THEY fought together, shoulder to shoulder, in one of the Second World War’s most momentous campaigns.
Yesterday, exactly 67 years on from D-Day, they stood shoulder to shoulder again in Sheffield, to remember lost comrades and look back on their parts in a turning point in world history.
Last surviving city veterans of the Normandy land ings - which began with D-Day on June 6, 1944 - gathered in Barker’s Pool for a parade, a short service, and a minute’s silence at 11am.
Today the former servicemen are silver-haired pensioners in their 80s, some with walking sticks, one in a wheelchair, all dressed in immaculate blazers decorated with medals.
Back in 1944 they were strapping young lads in their late teens and early 20s, innocent of the horrors about to engulf them on the beaches of northern France.
The haunting strains of a bugler’s Last Post echoed around Barker’s Pool as curious shoppers paused to watch standard bearers raise the colours of the Normandy Veterans’ Association. The minute’s silence was punctuated only by the splash of the water in the fountains and the throb of bus engines from Pinstone Street.
Bert Cooper, now 86, from Greystones, who read aloud the Normandy Prayer, was 19 when he landed on Gold beach at 7.25am on D-Day with the very first wave of assault troops. His main memory today is of the dead bodies on the shore, wafted in and out by the sea.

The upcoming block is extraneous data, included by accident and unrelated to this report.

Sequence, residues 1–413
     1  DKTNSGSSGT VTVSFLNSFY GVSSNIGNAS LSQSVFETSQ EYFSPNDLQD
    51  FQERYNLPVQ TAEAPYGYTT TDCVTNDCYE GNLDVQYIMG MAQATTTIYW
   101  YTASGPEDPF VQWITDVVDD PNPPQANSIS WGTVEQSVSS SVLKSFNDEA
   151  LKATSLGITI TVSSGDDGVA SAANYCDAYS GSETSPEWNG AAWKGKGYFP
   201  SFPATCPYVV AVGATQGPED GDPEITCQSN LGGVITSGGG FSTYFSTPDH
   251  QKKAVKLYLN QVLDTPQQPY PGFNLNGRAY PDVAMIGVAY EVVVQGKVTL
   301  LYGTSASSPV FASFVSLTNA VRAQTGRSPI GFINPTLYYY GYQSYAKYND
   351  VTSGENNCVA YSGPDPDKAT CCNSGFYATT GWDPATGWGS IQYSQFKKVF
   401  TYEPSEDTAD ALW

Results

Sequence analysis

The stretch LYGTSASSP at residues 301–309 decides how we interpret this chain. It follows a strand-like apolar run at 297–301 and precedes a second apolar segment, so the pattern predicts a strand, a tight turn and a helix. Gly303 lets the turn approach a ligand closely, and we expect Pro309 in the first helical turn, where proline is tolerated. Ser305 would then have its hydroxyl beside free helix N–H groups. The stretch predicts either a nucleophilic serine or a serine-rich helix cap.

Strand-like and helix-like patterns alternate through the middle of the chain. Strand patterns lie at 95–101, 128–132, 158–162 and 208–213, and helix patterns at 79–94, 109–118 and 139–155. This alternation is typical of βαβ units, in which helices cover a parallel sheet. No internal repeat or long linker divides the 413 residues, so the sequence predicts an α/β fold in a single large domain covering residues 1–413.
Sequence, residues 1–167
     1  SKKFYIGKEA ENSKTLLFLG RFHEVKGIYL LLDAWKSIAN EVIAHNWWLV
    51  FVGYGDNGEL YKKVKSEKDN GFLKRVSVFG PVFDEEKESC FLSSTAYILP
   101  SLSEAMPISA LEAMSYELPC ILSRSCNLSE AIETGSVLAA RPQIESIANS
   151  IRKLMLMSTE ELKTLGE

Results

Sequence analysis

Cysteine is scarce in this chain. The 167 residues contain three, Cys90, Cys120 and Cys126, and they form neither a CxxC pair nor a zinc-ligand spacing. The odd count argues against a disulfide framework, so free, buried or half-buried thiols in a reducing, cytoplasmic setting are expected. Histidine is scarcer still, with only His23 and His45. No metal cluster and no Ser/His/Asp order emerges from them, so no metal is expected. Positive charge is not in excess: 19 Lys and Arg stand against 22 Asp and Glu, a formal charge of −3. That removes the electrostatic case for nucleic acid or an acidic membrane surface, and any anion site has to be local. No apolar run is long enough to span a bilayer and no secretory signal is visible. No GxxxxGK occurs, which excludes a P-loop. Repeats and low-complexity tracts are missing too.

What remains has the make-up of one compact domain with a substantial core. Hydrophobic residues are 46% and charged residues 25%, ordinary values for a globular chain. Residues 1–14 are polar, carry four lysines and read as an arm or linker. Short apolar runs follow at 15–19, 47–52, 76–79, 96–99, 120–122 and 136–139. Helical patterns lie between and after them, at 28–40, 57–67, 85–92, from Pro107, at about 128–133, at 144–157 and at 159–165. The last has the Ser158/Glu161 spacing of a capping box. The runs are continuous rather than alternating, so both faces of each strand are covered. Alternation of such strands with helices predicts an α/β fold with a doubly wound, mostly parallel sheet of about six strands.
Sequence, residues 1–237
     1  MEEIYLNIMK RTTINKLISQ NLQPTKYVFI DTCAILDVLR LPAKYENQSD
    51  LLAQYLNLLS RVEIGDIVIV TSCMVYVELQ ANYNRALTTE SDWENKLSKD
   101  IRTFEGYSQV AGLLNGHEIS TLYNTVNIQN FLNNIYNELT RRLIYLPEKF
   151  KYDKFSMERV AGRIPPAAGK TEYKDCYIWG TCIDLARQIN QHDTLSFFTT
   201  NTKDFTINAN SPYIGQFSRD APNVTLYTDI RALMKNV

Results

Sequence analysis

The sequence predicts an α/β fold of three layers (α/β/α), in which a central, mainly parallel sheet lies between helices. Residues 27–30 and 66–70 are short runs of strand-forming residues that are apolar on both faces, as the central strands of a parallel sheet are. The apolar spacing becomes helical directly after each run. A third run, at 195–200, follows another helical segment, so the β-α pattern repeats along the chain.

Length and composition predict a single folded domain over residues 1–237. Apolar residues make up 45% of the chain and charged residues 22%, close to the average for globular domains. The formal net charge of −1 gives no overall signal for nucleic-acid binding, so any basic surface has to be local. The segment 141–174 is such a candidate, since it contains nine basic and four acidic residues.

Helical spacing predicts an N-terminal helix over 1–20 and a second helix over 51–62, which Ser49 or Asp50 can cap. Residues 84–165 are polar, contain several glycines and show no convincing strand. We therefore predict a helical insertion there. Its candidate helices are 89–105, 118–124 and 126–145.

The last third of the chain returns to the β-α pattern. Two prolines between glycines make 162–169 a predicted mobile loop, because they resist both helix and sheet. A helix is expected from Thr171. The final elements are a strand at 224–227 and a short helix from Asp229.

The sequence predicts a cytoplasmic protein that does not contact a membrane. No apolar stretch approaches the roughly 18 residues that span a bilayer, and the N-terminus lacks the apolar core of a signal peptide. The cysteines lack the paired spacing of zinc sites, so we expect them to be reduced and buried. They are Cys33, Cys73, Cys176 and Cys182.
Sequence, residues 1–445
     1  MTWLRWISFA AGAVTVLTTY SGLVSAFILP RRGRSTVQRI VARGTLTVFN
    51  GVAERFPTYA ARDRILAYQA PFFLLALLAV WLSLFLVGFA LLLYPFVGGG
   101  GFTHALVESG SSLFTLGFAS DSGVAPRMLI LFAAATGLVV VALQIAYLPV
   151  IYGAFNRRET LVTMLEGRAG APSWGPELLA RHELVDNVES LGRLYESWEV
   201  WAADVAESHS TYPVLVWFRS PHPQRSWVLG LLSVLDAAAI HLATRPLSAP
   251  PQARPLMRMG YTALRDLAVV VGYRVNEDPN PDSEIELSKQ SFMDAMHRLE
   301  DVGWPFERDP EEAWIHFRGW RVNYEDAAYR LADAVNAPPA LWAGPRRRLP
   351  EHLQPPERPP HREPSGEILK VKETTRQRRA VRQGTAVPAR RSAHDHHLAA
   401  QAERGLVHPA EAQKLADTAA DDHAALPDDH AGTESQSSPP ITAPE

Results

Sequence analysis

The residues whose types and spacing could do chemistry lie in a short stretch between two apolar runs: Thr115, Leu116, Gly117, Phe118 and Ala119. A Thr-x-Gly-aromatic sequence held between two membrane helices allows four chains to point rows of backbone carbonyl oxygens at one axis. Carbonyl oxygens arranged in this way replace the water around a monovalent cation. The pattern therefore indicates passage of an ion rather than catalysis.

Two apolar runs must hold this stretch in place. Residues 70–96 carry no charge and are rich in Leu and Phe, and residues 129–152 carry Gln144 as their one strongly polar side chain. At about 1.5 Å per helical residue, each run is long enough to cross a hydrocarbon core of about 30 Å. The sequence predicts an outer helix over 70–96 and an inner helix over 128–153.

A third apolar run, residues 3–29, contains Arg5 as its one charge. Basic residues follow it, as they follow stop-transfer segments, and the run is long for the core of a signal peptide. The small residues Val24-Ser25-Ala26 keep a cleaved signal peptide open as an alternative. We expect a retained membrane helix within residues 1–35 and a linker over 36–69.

“Marking the anniversary of D-Day is important because we lost so many comrades - not just on the beaches, but in the years since, as they have passed away,” the former infantryman said.
“Remembrance is bred into all former soldiers. We might be old civilians now but our comradeship has lasted all these years. We are the lucky ones; we are still here.”
Bill Hartley, now 89, from Killamarsh, was 21 when he landed in Normandy the day after D-Day - ‘D+1’ - as a tank driver and radio operator with the Mobile Light Anti-Aircraft regiment.
He read aloud to the assembled veterans: “We meet here today to pay homage, to honour all our comrades who died in the Normandy campaign, and to take part in this service of remembrance on the 67th anniversary.
“With gratitude and respect we remember those who went to serve in Normandy but did not return.”
A poppy wreath was laid by Ken Riley from Burngreave, now 86, who landed on Juno beach as a 19-year-old radio operator two weeks after D-Day and was later injured by shellfire in France.
“We sincerely hope everybody who saw the service acknowledges and understands what it represents,” he said.
“This anniversary marks not just a day but a starting point in the whole shift of the Second World War.
“D-Day was when change started.”
Officer cadets from The University of Sheffield joined the ceremony which was watched over by Deputy Lord Mayor of Sheffield John Campbell.
Today the Sheffield branch of the veterans’ association numbers around 20 full members who took part in the Normandy campaign. Once there were more than 90.